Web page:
Improve Your Photography, Get It Straight
There are many things to consider when it comes to the elements of composition that make for a great photo, but one often overlooked element is the natural horizon and in manmade forms, horizontal lines. The popular belief amongst many photo editors is that we wake up looking at the horizon at some point and throughout the day until the sun sets.
This repetitive perspective, especially since our human view through our eyes is horizontal and things like a television or computer monitor are traditionally horizontal too, horizontal basically becomes boring. This is one reason, besides shelf-space, that magazines and books tend to take on a more powerful vertical perspective—vertical is not only phallic, but not the norm for things around us in our daily lives.
Think of geometric shapes that surround us, a loaf of bread, a car, a couch, the television set, even calendars meant to view over a long period of time and our world is filled with horizontal rectangles all around us. We’re just used to the predominance of horizontal in our everyday life, perhaps this is why photographers often overlook the importance of horizontal placements in their photos and why most non-professional photographers tend to shoot more horizontals than verticals.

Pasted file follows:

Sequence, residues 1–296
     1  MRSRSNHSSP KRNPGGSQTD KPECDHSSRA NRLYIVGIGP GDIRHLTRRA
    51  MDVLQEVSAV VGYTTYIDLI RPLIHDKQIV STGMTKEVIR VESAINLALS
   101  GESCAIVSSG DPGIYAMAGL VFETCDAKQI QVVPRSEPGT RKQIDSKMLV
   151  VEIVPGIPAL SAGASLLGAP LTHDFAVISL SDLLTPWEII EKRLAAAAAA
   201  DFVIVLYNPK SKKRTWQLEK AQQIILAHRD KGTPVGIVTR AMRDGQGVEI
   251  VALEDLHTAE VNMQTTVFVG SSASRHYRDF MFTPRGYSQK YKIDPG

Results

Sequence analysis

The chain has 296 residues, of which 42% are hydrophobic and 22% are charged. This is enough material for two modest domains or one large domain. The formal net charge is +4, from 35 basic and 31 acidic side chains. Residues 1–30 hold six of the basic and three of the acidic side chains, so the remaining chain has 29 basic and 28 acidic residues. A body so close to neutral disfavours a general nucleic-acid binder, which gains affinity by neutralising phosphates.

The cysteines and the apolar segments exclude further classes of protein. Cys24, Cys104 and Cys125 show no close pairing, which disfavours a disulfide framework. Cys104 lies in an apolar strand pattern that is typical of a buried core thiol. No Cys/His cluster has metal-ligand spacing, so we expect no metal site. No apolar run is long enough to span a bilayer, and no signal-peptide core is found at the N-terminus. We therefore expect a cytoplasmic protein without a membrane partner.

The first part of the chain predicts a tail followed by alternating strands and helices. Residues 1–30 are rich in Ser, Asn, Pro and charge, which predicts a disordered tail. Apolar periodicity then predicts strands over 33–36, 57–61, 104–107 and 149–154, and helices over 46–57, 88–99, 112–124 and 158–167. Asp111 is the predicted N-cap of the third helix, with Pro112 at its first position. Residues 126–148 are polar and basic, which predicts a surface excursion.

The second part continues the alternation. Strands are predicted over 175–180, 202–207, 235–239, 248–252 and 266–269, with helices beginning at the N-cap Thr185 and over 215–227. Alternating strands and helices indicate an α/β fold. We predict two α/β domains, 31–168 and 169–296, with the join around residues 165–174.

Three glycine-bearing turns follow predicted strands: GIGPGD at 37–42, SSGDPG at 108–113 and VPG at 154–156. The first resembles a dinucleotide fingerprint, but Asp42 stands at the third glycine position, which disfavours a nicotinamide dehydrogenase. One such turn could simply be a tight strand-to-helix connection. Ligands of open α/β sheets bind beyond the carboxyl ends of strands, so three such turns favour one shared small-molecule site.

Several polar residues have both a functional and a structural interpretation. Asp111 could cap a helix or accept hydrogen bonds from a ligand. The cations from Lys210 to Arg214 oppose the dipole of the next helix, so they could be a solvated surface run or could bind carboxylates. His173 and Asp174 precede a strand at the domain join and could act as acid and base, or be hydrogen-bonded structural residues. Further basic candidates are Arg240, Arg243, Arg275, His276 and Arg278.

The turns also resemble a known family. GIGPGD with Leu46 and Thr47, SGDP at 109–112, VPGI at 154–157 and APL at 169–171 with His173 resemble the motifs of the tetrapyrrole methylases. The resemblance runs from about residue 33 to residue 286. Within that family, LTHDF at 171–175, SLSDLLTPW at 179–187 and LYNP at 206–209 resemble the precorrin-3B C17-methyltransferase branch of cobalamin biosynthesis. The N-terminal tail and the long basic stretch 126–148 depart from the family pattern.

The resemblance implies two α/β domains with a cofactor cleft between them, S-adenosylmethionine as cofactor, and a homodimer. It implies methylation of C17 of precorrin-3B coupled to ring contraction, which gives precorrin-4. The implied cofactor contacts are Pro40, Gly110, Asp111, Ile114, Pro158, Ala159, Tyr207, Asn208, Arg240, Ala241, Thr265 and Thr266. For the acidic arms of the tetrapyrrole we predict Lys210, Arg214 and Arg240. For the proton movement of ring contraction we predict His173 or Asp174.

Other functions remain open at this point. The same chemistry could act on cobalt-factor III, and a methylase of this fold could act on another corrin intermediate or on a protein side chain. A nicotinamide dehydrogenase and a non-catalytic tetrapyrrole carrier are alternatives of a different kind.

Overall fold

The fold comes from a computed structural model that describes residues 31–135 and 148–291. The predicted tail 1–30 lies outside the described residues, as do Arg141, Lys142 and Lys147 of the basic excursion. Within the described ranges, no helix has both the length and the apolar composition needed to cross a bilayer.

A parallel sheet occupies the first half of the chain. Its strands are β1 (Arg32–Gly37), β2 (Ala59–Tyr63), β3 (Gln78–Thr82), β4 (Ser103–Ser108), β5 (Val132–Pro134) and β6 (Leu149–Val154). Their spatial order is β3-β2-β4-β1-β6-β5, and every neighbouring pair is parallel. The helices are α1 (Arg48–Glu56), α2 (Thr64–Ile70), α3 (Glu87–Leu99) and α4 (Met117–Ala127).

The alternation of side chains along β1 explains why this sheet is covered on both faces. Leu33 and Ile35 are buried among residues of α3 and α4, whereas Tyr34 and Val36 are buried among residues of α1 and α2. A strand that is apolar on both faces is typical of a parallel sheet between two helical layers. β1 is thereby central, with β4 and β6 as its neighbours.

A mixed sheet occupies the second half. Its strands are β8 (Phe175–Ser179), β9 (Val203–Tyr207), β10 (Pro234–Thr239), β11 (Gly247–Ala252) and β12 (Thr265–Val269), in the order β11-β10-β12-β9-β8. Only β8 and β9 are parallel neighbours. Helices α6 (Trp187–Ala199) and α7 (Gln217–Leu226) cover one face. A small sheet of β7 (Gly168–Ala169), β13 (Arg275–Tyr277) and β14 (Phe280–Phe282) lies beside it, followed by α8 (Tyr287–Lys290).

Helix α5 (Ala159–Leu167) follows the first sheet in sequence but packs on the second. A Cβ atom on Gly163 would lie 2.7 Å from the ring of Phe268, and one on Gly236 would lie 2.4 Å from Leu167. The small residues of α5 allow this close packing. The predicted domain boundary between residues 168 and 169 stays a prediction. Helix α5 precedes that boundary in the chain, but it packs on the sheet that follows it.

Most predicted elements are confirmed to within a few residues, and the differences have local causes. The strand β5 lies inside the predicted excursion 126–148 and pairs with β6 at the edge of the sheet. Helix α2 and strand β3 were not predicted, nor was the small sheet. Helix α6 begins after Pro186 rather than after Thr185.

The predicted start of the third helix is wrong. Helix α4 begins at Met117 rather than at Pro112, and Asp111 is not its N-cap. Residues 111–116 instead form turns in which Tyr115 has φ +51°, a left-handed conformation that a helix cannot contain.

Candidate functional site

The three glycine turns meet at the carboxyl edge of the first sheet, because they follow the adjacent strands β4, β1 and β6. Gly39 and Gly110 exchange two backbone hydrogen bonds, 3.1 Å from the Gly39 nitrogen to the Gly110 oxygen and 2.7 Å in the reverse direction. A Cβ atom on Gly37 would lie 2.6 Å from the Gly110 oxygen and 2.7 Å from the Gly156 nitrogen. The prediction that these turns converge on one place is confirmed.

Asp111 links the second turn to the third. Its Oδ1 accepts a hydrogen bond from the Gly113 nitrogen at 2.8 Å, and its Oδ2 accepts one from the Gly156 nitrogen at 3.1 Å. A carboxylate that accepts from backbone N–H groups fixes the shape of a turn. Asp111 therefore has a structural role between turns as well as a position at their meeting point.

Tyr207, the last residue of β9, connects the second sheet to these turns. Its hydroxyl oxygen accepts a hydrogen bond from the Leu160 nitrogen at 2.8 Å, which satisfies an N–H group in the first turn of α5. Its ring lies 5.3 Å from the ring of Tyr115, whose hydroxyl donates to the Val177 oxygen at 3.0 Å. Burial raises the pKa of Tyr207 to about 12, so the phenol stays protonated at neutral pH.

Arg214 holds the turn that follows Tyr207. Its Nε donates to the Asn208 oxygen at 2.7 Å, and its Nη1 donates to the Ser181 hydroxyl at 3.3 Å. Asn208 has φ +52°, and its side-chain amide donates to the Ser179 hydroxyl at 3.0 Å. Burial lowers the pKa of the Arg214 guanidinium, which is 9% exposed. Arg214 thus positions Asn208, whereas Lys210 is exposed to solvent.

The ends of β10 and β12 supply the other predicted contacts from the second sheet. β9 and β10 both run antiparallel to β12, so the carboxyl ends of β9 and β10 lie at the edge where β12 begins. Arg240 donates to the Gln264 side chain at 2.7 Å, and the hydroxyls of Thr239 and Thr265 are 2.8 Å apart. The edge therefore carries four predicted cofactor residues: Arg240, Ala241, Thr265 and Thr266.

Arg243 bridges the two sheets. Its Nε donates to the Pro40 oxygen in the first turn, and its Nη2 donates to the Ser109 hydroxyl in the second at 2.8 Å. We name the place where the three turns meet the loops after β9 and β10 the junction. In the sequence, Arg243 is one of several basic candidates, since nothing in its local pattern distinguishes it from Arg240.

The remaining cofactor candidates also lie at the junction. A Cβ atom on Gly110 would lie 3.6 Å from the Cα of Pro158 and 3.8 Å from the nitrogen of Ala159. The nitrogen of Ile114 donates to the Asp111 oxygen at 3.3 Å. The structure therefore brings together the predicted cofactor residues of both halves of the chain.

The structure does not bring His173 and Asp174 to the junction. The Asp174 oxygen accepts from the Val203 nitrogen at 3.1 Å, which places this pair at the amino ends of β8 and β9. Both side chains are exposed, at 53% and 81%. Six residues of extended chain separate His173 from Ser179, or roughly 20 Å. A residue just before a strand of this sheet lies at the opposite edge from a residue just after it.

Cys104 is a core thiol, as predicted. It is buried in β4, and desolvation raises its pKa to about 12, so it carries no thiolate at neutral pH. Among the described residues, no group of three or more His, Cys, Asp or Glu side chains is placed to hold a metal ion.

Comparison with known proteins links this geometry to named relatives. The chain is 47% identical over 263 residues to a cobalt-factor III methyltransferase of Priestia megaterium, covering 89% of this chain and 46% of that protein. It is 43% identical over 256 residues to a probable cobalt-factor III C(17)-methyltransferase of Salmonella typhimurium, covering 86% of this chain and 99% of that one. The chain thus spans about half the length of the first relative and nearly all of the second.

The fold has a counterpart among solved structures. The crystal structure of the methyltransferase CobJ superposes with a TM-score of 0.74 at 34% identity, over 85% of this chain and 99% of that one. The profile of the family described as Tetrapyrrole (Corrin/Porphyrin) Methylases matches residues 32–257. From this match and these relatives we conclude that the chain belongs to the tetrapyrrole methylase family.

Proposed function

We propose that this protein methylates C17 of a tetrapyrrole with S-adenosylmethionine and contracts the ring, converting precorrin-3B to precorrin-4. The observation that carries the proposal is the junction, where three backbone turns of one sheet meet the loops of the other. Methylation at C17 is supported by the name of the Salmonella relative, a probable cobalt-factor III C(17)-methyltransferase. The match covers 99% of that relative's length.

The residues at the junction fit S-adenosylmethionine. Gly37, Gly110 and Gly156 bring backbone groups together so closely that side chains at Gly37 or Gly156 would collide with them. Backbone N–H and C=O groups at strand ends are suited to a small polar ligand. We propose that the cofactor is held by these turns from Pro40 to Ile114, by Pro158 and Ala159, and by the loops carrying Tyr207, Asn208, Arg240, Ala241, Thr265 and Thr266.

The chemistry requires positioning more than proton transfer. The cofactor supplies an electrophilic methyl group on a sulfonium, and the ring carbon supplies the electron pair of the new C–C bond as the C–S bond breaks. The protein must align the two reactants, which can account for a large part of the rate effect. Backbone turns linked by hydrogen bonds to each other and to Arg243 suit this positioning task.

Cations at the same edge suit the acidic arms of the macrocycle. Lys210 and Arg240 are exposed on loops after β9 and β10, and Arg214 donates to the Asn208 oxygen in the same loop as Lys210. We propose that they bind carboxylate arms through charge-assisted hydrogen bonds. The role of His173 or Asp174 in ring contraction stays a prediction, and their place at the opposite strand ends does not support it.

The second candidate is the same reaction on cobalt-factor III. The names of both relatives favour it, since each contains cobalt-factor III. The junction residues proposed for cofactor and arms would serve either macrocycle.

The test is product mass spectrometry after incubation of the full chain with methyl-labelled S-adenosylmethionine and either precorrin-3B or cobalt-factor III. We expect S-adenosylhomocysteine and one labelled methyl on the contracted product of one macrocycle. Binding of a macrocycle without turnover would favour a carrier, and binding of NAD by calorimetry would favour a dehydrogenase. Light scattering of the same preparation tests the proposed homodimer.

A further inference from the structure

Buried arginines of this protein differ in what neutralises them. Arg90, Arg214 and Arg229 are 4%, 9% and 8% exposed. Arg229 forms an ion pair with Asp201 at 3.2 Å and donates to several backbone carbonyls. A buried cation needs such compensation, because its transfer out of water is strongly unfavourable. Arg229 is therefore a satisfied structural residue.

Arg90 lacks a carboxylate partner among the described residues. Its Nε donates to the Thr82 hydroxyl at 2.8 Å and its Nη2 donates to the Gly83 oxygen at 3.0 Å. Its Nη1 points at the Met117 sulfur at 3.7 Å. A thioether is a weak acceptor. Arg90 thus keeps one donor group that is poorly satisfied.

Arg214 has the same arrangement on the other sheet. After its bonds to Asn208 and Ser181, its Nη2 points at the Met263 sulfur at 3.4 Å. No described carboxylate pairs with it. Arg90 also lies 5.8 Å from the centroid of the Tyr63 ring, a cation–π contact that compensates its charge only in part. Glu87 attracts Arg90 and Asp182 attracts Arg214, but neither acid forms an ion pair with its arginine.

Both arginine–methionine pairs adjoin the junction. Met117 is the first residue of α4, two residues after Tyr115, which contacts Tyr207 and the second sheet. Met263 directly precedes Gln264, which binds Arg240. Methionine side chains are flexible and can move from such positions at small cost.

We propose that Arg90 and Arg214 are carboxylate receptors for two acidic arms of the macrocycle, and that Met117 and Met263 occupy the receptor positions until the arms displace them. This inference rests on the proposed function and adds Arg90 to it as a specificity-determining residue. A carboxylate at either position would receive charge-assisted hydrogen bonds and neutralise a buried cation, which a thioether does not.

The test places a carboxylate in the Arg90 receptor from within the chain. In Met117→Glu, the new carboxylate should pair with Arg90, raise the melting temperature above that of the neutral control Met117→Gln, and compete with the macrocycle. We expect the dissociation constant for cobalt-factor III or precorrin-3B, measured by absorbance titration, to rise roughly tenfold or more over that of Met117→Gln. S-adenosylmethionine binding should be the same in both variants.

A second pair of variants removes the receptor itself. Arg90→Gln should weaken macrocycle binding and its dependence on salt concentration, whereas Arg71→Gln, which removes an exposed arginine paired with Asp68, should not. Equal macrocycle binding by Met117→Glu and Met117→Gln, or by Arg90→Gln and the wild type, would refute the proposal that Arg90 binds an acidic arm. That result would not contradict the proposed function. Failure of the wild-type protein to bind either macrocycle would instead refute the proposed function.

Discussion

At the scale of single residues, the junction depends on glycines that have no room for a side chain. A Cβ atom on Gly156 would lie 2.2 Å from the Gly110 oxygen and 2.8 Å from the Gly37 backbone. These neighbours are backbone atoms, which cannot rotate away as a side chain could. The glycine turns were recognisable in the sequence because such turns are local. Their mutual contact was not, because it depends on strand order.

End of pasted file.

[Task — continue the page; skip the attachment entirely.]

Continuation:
One thing to keep in mind when including horizontal lines or a horizon in a photo, whether you chose to place that line in the center, lower or upper third, keep that line straight, unless your boat is sinking! Photo editors hate crooked lines that normally are perceived straight.
The Least Preferred Horizon
First, let’s look at the least preferred method of placing a horizon—in the dead center of an image, regardless if the image is captured horizontally or vertically. While this is a general composition rule that can easily and effectively be broken, learn it before you try to break it because normally it will slice an image in half. This is further reinforced, and quite frankly boring, if the horizon, or the horizontal line caused by the horizon, is unbroken—or the line goes from edge to edge of the image frame without interruption.